9 aware of any instances like that?
10 A. Well, I couldn't say that I remember any such cases, but in
11 practice it was possible that the security -- the military security sector
12 might establish direct contact with the Military Police Platoon for
13 Investigations in order to carry out tasks more expeditiously, tasks for
14 the purpose of investigations.
15 And secondly, if there were no such documents -- or if there was
16 no contact between the security sector and the military investigations
17 platoon, then someone I had left up there - my deputy or some other
18 authorised official - might forward those documents without me being
19 familiar with all the elements.
20 Q. But in relation to a specific investigation like this one about
21 the Turkish Guerilla, you can't say whether it's you who have personally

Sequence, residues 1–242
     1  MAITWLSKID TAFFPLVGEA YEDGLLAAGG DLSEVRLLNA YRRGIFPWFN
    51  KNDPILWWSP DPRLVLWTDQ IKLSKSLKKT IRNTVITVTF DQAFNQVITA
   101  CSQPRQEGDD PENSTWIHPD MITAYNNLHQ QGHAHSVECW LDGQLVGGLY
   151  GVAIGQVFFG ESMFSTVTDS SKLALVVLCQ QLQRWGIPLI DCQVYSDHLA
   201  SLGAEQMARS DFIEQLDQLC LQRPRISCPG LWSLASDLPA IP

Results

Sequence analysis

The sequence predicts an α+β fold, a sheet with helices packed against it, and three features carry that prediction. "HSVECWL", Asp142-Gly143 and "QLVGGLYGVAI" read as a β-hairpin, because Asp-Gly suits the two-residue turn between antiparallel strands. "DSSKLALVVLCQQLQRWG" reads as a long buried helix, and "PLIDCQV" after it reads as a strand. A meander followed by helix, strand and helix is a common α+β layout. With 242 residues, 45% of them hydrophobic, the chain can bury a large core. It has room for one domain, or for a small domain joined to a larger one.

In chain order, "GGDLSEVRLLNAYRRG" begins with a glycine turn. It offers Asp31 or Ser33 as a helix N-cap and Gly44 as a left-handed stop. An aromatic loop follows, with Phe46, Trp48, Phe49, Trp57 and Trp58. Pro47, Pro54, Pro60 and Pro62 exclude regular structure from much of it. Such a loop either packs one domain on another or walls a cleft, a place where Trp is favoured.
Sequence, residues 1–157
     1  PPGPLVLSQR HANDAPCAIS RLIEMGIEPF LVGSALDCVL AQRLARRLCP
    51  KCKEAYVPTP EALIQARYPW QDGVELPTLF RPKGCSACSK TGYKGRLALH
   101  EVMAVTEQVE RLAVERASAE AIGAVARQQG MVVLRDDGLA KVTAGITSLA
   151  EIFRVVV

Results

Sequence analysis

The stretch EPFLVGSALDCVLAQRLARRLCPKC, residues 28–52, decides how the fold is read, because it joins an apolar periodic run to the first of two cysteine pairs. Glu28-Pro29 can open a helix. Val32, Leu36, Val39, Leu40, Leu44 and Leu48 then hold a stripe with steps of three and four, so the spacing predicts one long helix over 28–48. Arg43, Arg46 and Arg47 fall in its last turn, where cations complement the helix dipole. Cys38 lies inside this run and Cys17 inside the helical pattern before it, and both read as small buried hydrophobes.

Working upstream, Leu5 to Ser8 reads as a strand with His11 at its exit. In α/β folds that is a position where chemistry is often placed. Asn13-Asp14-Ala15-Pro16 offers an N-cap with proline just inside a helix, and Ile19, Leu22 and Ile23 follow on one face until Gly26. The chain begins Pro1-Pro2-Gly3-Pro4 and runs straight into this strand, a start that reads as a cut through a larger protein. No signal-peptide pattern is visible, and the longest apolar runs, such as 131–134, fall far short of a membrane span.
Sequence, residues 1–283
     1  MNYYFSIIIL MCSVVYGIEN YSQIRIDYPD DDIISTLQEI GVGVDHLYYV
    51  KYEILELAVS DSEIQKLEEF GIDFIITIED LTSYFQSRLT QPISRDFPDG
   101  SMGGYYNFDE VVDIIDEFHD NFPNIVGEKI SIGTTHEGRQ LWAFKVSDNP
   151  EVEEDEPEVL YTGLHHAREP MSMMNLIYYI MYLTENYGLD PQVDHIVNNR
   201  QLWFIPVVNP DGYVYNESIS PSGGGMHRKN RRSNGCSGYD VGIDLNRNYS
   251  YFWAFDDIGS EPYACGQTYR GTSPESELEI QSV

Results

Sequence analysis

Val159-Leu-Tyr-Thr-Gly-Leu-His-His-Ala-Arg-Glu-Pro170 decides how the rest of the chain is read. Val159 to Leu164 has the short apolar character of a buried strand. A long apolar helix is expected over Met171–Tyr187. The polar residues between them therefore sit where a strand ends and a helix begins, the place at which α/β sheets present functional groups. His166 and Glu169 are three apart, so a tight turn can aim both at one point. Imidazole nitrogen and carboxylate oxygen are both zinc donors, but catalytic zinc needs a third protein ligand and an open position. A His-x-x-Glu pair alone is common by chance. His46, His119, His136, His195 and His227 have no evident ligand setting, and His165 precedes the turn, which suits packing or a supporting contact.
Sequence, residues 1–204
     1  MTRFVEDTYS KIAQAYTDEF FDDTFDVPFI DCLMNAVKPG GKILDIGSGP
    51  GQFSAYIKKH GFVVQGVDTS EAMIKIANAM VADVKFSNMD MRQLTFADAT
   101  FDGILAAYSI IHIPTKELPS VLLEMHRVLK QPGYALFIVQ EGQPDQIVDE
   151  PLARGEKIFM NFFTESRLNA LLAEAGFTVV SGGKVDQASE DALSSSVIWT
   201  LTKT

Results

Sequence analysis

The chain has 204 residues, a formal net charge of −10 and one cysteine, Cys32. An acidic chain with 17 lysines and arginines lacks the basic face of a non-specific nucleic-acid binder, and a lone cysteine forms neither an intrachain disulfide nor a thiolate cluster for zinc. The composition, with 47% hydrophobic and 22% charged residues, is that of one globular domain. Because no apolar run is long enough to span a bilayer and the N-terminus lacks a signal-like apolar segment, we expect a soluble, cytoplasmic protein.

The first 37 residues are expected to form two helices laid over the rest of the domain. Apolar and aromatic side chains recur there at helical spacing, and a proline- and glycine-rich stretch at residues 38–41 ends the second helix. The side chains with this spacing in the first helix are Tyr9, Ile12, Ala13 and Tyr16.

22 forwarded these files to your superior command? You can't say with
23 certainty, but you wouldn't exclude it.
24 A. Every investigation is specific. I can't claim anything for
25 sure, but I can claim for sure that the battalion's mission was
1 accomplished because statements were taken and forwarded to the security
2 sector. As to whether I'd see them or not, as to whether I'd sign an
3 accompanying document or not, in this case and in any other case this
4 wasn't an important question. It was important for the authorised
5 official from the Military Police Battalion and authorised officials to
6 carry out the tasks that had been assigned.
7 Q. If I were to show you a document, a two- or three-page witness
8 statement, do you think it might refresh your recollection of whether you
9 have seen it before forwarding it to your superior command? Is there a
10 chance that would enlighten your knowledge about whether it passed your
11 desk or not?